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Hollins: Nets don't 'have any advantage over the Hawks'

If you’re a Brooklyn Nets fan searching for reasons to be optimistic heading into the first-round series with the top-seeded Atlanta Hawks, you won’t find them here.

“I don’t think we have any advantage over the Hawks,” Nets coach Lionel Hollins said in a conference call on Thursday. “That’s why they’re 60-22 and that’s why we’re where we are (38-44). They’re a very good team and we have to go out and develop a game plan to control the tempo, rebound and score against them consistently. They’ve played well against a lot of teams, including us, so it’s not like I think we have the advantage going in. We have to develop a game plan that can help us go out and compete.”

Hollins is a realist. The Nets went 0-4 against the Hawks during the regular season. And they’re going to have to play near-perfect basketball in order to compete with Atlanta.

The Hawks’ starting five is as good as it gets. They don’t have one “superstar,” so to speak, but they do have four All-Stars in Al Horford, Jeff Teague, Paul Millsap and Kyle Korver. And “D-and-3” ace DeMarre Carroll complements them perfectly.

Atlanta ranked tied for fifth in offensive efficiency in 2014-15. Against Brooklyn, the Hawks shot 49.8 percent from the field and averaged 13.3 made 3-pointers and 114.0 points per game. Their average margin of victory was 17.3.

“They have a very versatile team,” Hollins said. “They have a lot of quickness at every single position and they play relatively small. And that puts you at a disadvantage when the other team is quicker than you because they’re smaller than you. We have to combat that by doing whatever we can and develop that plan as we go forward.

“But their style of play is one of moving the ball and they count on a lot of different people. Obviously, we think that starts with the ball handler and the pick-and-roll, but it really doesn’t. It starts with them pushing the ball up the court and moving the ball from side to side and trying to put you in a disadvantage in certain sets so you have to over-help. And then they throw it and then they draw and kick. It’s the same system that San Antonio has run so well in the last few years.”

Hollins said earlier in an interview with WFAN that the Hawks are beatable when they are missing shots. After trading for Thaddeus Young on Feb. 19, the Nets ranked 23rd in defensive efficiency. It will be a tall task trying to contain Atlanta’s high-octane offense.

“You just wanna contest shots, you wanna keep the penetration to a minimum whether it be out of the pick-and-roll or whether it’s just straight,” Hollins said. “Guys who have the edge quickness-wise, we gotta keep Teague from penetrating, Carroll from penetrating, Millsap from penetrating, we gotta keep Horford from penetrating.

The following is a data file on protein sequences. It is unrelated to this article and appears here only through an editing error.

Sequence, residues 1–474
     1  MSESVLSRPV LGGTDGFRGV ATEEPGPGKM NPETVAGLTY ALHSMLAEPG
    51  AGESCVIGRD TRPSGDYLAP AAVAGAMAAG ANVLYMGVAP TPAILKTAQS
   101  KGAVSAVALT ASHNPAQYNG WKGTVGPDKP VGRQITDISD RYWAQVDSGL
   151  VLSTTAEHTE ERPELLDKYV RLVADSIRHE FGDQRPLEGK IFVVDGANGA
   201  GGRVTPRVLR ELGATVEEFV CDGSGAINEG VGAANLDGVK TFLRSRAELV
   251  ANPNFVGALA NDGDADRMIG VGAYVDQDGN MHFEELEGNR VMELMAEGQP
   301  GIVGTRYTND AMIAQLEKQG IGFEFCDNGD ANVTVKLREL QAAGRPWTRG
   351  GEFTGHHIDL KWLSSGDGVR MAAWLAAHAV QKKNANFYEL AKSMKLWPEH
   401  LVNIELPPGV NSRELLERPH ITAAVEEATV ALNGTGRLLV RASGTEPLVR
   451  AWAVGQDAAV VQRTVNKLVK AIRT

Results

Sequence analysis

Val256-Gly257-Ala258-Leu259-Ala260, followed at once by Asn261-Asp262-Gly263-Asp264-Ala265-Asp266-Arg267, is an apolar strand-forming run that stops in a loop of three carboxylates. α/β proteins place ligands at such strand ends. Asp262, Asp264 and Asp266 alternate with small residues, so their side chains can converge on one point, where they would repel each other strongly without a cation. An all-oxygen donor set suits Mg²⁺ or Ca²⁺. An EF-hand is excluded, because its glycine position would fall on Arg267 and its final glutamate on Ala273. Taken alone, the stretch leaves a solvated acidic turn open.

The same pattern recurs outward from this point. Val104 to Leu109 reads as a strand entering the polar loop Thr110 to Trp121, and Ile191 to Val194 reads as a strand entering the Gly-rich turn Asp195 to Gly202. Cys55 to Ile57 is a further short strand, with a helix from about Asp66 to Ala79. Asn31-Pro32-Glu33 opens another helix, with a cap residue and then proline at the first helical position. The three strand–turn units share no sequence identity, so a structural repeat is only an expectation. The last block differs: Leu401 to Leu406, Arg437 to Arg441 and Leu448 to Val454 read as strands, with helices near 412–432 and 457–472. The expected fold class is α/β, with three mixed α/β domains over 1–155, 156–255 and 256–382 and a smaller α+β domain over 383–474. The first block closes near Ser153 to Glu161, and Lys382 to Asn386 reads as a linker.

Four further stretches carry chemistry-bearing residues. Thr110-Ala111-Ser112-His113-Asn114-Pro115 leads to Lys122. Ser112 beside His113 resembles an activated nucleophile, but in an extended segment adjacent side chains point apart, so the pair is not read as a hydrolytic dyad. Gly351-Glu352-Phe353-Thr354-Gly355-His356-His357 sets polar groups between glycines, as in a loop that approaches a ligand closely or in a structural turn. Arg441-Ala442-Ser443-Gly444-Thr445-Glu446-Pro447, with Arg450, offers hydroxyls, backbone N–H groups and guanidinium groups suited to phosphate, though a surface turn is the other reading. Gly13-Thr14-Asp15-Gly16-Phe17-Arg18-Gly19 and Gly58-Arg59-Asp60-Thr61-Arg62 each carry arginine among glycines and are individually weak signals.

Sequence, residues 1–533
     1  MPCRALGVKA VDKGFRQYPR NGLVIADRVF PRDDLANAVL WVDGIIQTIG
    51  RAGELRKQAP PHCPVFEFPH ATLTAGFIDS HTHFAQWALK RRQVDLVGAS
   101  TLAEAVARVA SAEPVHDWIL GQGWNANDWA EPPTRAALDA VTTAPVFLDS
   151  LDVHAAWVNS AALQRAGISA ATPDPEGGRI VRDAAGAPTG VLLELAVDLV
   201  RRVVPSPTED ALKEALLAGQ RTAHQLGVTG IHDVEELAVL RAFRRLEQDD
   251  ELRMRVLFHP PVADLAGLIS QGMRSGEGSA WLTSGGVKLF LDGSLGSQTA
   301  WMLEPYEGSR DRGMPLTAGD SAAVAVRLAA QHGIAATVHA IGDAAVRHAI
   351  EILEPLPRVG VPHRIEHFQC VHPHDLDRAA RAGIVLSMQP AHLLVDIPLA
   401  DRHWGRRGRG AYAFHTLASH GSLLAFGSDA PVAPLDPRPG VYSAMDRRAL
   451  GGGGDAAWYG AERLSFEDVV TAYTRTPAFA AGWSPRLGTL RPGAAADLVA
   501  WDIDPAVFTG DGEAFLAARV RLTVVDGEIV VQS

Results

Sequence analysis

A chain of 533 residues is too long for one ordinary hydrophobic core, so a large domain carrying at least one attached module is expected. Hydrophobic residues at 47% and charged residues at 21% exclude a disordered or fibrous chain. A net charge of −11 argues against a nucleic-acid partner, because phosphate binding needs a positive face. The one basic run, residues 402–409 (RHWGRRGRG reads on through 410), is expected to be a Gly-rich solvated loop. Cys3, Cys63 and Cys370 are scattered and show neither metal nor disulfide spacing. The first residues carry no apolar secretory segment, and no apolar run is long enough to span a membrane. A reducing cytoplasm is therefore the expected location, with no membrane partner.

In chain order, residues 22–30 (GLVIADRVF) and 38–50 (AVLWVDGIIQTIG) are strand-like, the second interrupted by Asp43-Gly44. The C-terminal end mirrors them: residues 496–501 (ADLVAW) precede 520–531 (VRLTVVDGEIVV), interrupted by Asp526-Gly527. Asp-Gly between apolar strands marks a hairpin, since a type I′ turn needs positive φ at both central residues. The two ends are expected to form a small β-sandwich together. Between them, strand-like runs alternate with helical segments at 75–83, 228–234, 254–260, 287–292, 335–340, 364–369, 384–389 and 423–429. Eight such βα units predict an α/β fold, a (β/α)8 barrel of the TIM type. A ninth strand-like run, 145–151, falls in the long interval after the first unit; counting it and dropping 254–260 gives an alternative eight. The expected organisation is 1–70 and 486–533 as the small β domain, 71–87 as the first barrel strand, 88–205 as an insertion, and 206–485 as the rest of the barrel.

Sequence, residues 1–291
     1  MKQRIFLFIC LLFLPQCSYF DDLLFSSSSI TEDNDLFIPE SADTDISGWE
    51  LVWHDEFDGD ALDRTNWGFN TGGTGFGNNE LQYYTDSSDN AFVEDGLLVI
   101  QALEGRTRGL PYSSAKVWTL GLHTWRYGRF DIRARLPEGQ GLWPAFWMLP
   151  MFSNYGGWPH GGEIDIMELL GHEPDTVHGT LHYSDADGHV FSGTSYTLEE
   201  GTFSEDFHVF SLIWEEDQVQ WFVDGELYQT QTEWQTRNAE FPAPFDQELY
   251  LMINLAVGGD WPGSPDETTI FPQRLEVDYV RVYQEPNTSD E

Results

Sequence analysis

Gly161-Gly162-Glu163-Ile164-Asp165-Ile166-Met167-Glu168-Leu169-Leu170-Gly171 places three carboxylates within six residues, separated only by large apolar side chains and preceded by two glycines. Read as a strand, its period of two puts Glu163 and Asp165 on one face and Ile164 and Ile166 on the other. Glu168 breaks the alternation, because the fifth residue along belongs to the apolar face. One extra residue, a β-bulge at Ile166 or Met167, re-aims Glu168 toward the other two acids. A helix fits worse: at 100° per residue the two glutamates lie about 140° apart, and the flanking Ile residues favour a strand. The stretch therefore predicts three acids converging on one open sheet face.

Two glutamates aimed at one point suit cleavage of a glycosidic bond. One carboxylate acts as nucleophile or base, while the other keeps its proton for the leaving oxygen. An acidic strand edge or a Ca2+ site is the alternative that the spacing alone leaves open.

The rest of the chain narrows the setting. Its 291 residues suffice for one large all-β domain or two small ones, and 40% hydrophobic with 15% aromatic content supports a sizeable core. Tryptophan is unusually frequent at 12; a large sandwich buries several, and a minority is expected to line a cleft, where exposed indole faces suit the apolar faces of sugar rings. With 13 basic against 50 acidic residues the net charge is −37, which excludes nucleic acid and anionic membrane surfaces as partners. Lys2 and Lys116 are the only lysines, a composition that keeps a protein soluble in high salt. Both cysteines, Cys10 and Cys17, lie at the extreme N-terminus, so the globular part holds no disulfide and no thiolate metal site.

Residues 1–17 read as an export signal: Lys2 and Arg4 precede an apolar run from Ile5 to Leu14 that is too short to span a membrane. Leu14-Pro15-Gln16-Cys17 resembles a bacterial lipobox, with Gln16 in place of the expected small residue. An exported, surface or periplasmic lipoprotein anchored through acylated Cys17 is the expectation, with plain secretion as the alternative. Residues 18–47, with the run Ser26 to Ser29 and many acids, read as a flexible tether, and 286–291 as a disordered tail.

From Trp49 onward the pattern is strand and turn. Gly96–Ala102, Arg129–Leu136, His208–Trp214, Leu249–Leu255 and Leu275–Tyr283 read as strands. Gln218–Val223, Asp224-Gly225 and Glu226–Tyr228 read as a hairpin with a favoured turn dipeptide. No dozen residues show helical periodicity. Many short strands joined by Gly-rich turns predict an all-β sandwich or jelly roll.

“All of those guys are going to have a little bit of an edge going against us, so we have to do a good job in our one-on-one defense. We have to do a solid job in our help defense and then we have to recover to our own with good closeouts so we don’t get faked or driven by.”

Hollins doesn’t put any stock in playoff experience.

“I don’t think playoff experience has anything to do with talent and skill and how you play,” he said. “Playoffs are about going out there and playing well. Now if you have a team that’s equally as good as you and you’ve been there a few times, then it makes a difference, but even then that team still has to beat you. And I just think that it’s overstated.”

You would think the Nets are going to need big performances from their three max-contract players: Brook Lopez, Deron Williams and Joe Johnson. Williams shot just 23.4 percent from the field in the final four games of the regular season.

“I don’t even think about it. Deron has played extremely well even when he wasn’t shooting well he’s had 14 assists, 10 assists, nine assists, eight assists,” Hollins said. “He’s controlled the game and he’s gotten the ball to his teammates, he’s playing his role. Obviously, he would want to shoot better and I would like him to shoot better, but I don’t go into games thinking a guy plays poorly because he doesn’t shoot well.”

And don’t ask Hollins about max players.

“When you say the person that gets paid the most money, that’s kinda like the game is about money,” Hollins said. “The game is about teams. And if we go out there as a team and play well and make plays as a group, we have a chance.”

Notes: Hollins did not know if Alan Anderson (ankle) would be available for Game 1 on Sunday night. ... The Nets coach sent a “thank you” text to his former center, Marc Gasol, after the Memphis Grizzles beat the Indiana Pacers on Wednesday night, enabling Brooklyn to sneak into the playoffs.